At trial, proponents’ counsel at attempted through cross-examination to show that the campaign wanted to protect children from learning about same-sex marriage in school. The evidence shows, however, that Proposition 8 played on a fear that exposure to homosexuality would turn children into homosexuals and that parents should dread having children who are not heterosexual.

Moral disapproval alone is an improper basis on which to deny rights to gay men and lesbians. The evidence shows conclusively that Proposition 8 enacts, without reason, a private moral view that same-sex couples are inferred to opposite-sex couples. Because Proposition 8 disadvantages gays and lesbians without any rational justification, Proposition 8 violates the Equal Protection Clause of the Fourteenth Amendment.


Proposition 8 fails to advance any rational basis in singling out gay men and lesbians for denial of a marriage license. Indeed, the evidence shows Proposition 8 does nothing more than enshrine in the California Constitution the notion that opposite-sex couples are superior to same-sex couples. Because California has no interest in discriminating against gay men and lesbians, and because Proposition 8 prevents California from fulfilling its constitution obligation to provide marriages on an equal basis, the court concludes that Proposition 8 is unconstitutional.

Tuesday, February 9, 2010

Google (goo-gle) v. - to search for information on the Internet especially using the Google search engine

I was surveying the remains of the night when I was asked about this blog that I started years ago to record my streams of consciousness; and to write about places, people, events, and even the quotidian in my life. The fact that I blog is no secret, although it is something that I rarely talk about. What startled me about the question was not that my blog was discovered, but rather how it was discovered. I was Googled! Frankly, a small part of me was flattered by that admission; however, a bigger part of me became reflective. The Internet has certainly become a boon because of its almost bottomless pit of information that is beneficial to most. Why else would millions, at any given minute, be on it doing searches.

But it also has become the vehicle to satisfy the voyeur in each of us.  Why else would a person, who may be swamped with simultaneous projects and numerous deadlines, put all those aside and focus on a name he or she enters in Google’s search box. By and large, I believe man is hard-wired to be curious.  I too, do Internet searches for a myriad of reasons: researches relative to my projects, shopping, travel arrangements. I have searched people from my past, and have to admit that the prospect of discovery – how high they have succeeded or how low they failed, are they still alive, have they spent time in prison, are they worth the effort of reconnecting – can be exciting. But the operative word here is reconnecting. I have not been inclined to Google people who are active in my current life. The fact that they are presently in my life fulfills my own vetting process, if there ever was one. My interests lie in what they contribute to my present and, hopefully, future life. But now I am conflicted. Should I start doing searches on the people who are active participants in my current life? Are these people, most of whom I consider very close friends, living alternate lives that are held in the cocoon of the Internet? It is truly oxymoronic that tightly-guarded secrets may be floating in the World Wide Web.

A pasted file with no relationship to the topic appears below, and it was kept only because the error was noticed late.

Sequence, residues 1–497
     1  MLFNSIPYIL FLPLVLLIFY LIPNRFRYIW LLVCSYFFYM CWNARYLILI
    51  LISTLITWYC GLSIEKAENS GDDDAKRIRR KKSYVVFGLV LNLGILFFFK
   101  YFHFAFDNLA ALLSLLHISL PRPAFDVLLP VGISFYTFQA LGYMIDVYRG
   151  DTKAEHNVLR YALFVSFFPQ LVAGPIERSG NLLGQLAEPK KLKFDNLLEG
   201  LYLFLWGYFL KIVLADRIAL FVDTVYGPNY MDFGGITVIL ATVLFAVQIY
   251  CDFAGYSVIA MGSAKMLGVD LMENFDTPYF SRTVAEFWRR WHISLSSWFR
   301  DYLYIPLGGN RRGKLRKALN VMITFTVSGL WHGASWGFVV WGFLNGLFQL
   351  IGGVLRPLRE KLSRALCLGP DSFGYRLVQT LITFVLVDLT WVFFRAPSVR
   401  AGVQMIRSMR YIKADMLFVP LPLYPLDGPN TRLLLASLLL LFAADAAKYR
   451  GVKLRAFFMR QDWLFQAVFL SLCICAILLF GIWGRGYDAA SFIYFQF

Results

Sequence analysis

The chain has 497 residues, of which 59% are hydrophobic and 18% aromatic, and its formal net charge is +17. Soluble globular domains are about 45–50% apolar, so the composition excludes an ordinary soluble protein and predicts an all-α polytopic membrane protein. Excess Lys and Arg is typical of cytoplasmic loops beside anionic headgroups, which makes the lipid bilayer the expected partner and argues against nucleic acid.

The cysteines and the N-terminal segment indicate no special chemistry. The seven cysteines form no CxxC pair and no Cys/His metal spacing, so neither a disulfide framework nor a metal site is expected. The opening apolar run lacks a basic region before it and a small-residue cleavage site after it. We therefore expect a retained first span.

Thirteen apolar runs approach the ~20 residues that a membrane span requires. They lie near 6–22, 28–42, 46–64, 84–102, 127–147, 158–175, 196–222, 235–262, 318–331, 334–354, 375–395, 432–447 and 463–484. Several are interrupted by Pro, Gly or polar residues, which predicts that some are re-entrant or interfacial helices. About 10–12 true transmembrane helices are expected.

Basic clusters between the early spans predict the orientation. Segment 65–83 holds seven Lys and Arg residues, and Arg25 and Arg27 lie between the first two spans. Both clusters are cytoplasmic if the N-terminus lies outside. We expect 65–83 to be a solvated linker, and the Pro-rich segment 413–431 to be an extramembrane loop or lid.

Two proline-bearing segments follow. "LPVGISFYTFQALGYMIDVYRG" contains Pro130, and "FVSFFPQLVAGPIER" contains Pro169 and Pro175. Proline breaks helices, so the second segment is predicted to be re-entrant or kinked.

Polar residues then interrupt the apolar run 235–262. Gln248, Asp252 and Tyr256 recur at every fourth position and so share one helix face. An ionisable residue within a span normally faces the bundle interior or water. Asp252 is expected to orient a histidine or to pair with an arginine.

To say that having been Googled is startling is to be very na├»ve. After all, we concur that this is an activity shared by all. What was startling for me in this case was the fact that I was Googled by a man who has shared my bed for many years. He knows my activities and even my proclivities. Did he think Googling me would lead to some revelations that will topple me from grace? Or force me to spend the rest of my years living a life of shame? I had periods of lunacy in my younger days (actually I still have those from time to time), some episodes of which I may not remember clearly due to the many brain cells that I have killed through the years. I have done a search on myself years ago and found nothing. Perhaps I have truly succeeded in dispatching everyone who may compromise my present stature. Or maybe, just maybe, it is my co-conspirators who have more to worry and thus have buried all traces of our trangressions and once intemperate lives. But now, my curiosity is piqued. Should I do another search on myself? Will I find secrets that even I don’t know about? Am I prepared to see what might be revealed? I entered my name in the search box. Here we go.